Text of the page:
I liked the beer. It had nice chocolatey/coffee notes and a light chewy mouth-feel. I like a good porter and this one was pretty decent –but not as good as my beloved Big Timber porter.

Got a movie? Got Beer? Think the two would go together. Let me know. Drop me a line at lynch@wvgazettemail.com –or just post here.

“Let The Right One In” with Magic Hat #9

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Continuing our monthly exploration of what beers go with which horror films, I picked out an old one, 2008’s Swedish vampire film, “Let the Right One In,” and one of my go to beers when I can’t find anything better to drink, Magic Hat #9.

The Film:

letrightonein

“Let the Right One In” is about the difficulty of finding a true friend and navigating the world when you’re an outsider. In some ways, “Let the Right One In” is like a lot of other teen dramas, except periodically someone is brutally murdered and drained of their blood.

The story revolved around Eli and Oskar, a couple of 12 year-olds living in the armpit of the Sweden (which isn’t really all that bad, just kind of run down). Oskar is a meek and awkward kid who is being continuously bullied by a group of his classmates. At night, he spends his time fantasizing about stabbing his tormentors and collecting newspaper clippings of brutal murders.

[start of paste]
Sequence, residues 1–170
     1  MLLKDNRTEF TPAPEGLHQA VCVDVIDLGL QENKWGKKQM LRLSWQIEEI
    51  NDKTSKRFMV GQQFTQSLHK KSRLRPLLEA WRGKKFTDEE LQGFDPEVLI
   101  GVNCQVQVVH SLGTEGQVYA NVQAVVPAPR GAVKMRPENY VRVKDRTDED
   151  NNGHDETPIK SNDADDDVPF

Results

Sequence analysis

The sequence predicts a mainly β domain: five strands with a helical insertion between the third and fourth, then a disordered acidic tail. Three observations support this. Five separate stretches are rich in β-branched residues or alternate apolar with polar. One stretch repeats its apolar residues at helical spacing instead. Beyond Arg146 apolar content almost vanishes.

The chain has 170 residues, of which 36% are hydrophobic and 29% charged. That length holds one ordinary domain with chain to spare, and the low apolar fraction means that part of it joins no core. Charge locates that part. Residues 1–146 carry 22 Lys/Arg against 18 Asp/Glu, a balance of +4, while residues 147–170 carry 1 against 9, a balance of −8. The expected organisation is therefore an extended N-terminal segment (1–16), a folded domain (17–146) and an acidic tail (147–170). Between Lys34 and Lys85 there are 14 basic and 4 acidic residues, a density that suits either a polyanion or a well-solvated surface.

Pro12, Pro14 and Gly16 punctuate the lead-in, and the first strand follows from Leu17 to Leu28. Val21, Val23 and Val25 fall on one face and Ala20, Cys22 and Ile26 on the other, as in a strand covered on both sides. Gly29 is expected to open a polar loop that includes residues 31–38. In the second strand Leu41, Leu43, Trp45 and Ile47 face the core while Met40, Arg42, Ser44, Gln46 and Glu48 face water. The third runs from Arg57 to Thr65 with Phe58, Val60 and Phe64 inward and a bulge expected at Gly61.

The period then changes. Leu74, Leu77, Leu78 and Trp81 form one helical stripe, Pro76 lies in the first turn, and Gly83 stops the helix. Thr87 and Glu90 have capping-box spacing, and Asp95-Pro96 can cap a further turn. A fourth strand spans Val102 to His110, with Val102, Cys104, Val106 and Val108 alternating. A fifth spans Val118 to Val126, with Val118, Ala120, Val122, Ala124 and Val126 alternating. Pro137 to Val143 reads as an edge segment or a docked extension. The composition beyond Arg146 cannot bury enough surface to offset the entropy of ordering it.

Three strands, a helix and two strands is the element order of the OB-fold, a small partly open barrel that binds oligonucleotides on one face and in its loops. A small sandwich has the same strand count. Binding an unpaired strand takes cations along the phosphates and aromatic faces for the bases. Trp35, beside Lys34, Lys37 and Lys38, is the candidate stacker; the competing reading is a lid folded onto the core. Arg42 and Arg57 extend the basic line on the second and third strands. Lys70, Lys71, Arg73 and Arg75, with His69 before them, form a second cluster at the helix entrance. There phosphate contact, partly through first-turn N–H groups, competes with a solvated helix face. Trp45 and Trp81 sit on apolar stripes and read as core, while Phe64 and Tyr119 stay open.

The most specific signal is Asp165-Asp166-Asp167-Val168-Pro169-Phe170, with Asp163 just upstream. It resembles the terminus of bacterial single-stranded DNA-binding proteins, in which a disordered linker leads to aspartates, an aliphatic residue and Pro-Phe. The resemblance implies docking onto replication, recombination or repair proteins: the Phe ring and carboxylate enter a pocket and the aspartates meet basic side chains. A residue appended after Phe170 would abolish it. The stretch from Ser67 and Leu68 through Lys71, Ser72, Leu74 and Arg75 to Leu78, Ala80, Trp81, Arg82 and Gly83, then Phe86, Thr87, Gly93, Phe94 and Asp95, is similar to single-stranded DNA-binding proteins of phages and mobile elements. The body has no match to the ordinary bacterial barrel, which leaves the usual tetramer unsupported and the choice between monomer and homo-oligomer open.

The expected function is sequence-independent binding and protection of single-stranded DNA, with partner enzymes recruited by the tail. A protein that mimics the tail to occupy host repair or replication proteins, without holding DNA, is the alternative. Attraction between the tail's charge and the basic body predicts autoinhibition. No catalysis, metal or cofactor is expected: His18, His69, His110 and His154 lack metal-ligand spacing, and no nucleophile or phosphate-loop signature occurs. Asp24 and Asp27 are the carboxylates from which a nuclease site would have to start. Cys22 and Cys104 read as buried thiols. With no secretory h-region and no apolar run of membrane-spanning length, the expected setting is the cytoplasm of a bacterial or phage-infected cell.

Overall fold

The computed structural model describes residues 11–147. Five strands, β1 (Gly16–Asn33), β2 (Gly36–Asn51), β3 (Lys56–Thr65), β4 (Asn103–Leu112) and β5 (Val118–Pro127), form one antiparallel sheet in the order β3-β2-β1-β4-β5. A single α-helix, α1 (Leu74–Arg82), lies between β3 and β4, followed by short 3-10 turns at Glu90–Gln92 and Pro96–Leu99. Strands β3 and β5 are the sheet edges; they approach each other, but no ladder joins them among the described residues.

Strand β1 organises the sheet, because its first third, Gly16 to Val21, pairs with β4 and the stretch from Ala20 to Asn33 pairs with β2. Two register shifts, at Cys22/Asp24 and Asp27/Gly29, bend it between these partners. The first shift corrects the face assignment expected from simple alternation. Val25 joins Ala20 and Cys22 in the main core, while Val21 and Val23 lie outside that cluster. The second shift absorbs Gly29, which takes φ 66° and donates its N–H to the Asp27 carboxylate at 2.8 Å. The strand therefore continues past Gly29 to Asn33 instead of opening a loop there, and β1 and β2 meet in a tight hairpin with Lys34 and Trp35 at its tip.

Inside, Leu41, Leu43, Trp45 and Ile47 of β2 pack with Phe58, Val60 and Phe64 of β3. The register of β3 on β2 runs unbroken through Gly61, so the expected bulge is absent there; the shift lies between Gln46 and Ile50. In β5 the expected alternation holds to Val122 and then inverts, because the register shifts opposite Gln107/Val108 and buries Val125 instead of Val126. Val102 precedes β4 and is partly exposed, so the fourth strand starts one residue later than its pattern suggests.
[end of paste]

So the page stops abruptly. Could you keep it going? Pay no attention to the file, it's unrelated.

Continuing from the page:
Eli is a centuries old vampire shacked up with an old guy named Hakan who acts as a kind of caretaker and henchman.

If this were “Dracula,” Hakan would be Renfield, a thrall, but Eli and Hakan’s relationship is not so cut and dried. He loves Eli, but it’s a weird kind of devotion that is difficult to define –not exactly the love of a parent for a child, a child for a parent or a husband for a wife, but something of all three.

Eli and Oskar meet. Eli says he can’t be Oskar’s friend and immediately begins manifesting unnatural abilities. Oskar misses the social cues that would warn other people to stay away or maybe invest in a firearm.

They become friends anyway, despite Eli’s misgivings.

The pair learns from each other –Oskar learns to be brave when he has a weapon in hand and can easily overpower his opponent; Eli learns the secrets to the Rubik’s Cube.

The audience learns that cats do not like vampires. At all.

Joking aside, I’ve loved this one since I first saw it. It does a pretty good job of capturing the wide-eyed naivete of being 12, while also showing that being a pre-teen vampire is a drag.

The Beer:

Pairing the film with Magic Hat #9 wasn’t exactly inspired, but it was what I had stashed in the back of my fridge. I did have a batch of beer I got from the Wine and Cheese shop at the Capitol Market earlier in the day, but all of that stuff was still warm.

Still, Magic Hat #9 is a pretty good beer –not a great beer, not a life changing beer (which does not exist unless said beer suddenly makes me 10 years younger) –but a pretty good beer. It’s a good beer to have after mowing a lawn or raking leaves. It’s a good beer with a fairly depressing slice of vegan pizza. It’s a good beer to slug down whether you’re binge-watching some weird Canadian sci fi show on Netflix or catching an old film that’s held up pretty well despite the various advancements in vampire movies.

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First off, let me say that I’m not a huge fan of flavored beers.